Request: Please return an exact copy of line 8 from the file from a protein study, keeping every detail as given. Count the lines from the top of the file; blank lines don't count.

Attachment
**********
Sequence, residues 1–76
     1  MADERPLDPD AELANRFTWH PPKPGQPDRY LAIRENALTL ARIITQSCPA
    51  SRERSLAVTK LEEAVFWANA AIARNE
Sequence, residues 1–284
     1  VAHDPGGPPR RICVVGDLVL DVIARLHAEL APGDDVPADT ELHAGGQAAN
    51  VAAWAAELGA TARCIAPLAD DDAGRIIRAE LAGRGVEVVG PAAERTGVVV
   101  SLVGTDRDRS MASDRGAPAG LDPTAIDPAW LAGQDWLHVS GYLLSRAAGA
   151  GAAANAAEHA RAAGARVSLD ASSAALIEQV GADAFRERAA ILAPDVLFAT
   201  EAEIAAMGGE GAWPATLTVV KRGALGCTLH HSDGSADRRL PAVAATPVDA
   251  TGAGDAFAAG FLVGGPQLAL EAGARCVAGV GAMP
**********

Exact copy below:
   151  GAAANAAEHA RAAGARVSLD ASSAALIEQV GADAFRERAA ILAPDVLFAT